Ever since moving into our house in Salem almost nine years ago, the wilderness has beckoned to me. From our living room, kitchen nook and backyard, the Cascade Mountains call in the distance, with Mt. Jefferson punctuating our visible skyline.
But exploring the back country wasn’t much of an option before the past year. We didn’t feel comfortable taking our family station wagon “off-road” on the forest roads that crisscross much of the state’s wilderness. But last year, I finally traded in the trusty Volvo for a used Honda Element with all-wheel drive, and we finally felt confident that we could explore the wilderness by going where there were only narrow and windy gravel roads.
At the same time I got the Element, I invested in a DeLorme Oregon Atlas & Gazetteer, a detailed topographic map book that recorded all of the forest service dirt roads as well as labeled mountains and other recreation sites with more precision. With my training from my days in the Army National Guard, I could tell how steep the terrain was by how closely the lines showing elevation changes were spaced on the maps’ mountains and hills.
Armed with the gazetteer, we began exploring the forest service roads in the Willamette National Forest and Mount Jefferson Wilderness to get closer glimpses of our beloved Mt. Jefferson.
Today, on the last day of my second furlough this year, Charles and I decided to head for the Willamette National Forest again. We packed a picnic lunch to enjoy along the way. We headed east on Highway 22 from Salem and in about 40 minutes we were turning onto the roadway that spans the top of massive Big Cliff Dam, which forms Detroit Lake, and then headed onto National Forest Service Road 2212. At first the roadway was paved, winding its way along the edge of Detroit Lake. Between the Douglas Fir we could catch glimpses of the blue-green lake as we rose higher and higher through dense moss-laden trees and fern-clad cliffs.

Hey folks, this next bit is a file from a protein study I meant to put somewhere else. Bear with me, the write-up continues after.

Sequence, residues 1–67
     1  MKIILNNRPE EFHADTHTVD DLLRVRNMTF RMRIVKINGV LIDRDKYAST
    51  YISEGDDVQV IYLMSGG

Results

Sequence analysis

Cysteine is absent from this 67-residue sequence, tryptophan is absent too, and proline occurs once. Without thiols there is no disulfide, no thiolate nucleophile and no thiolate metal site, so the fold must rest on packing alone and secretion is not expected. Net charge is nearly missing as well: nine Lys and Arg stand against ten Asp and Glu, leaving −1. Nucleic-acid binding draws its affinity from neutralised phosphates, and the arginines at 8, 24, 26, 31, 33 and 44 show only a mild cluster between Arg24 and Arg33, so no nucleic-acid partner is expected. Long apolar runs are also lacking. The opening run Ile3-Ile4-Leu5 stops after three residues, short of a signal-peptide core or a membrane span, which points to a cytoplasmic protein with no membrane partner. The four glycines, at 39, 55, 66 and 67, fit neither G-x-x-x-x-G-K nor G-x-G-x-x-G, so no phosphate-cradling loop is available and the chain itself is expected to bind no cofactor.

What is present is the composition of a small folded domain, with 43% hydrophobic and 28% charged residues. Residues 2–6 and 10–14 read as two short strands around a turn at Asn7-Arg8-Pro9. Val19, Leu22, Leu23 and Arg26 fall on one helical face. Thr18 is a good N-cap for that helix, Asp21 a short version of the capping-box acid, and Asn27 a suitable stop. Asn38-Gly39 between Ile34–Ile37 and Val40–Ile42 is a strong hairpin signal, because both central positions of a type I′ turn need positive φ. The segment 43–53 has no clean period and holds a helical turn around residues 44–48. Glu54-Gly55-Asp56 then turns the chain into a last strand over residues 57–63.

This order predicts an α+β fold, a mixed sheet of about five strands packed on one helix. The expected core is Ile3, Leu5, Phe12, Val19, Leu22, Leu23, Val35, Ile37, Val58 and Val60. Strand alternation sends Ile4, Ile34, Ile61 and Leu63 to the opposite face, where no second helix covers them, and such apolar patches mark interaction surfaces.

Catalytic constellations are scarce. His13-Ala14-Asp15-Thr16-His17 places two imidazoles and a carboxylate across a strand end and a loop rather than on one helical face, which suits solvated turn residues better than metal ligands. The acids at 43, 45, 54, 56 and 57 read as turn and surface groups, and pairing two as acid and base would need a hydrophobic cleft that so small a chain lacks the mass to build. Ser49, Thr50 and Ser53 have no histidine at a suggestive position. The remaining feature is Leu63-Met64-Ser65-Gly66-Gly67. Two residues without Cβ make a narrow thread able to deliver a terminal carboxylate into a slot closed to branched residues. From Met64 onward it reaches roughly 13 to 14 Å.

After about five miles, we reached the very top of one mountain and were startled to find the mountainside bare from logging. The road hugging its shoulder looked precarious, like it could slip off the mountain at any moment. We were on top of Kinney Ridge. There were no guard rails. I pulled over and we looked behind us at the now-distant lake. Charles took out his iPhone and launched the altitude app. It registered 2,800 feet. We kept going another mile until we passed the logged-out area and re-entered dense forest. There the pavement stopped and turned to gravel.
The climb became steeper, the gravel road narrower and more windy. I kept my eye on the road while Charles looked at the vista. At around 3,000 feet we got our first glimpse of Mt. Jefferson through the tops of the trees and took a moment to snap some photos before heading higher. Even though it was in the 70s when we left Salem, the air was cool at this altitude and I donned my fleece jacket. We began noticing mounds of snow hugging the shaded cliff face of the mountain next to the dirt road.
At about 3,200 feet, we got a full glimpse of the lake, which seemed minuscule now, and Mt. Jefferson against the gray sky. Most of it was still covered in snow and it seemed to glow, calling to us from the distance. We stopped to take several photos before heading on about three more miles, when we were abruptly greeted by a roadway of solid snow. Charles, the voice of reason, said it was time to turn the car around and head back.
We parked by the clearing where we had a full view of Detroit Lake and Mt. Jefferson, and ate our picnic lunch. The only time we took our eyes off Mt. Jefferson was to pick at the chicken and potato salad in the Tupperware and make sure we didn’t spill it on ourselves.
Finishing our lunch, we decided we would try our luck on this road in a month to see if the snow had cleared, and discover what other vistas were awaiting. Then we slowly began our descent towards home.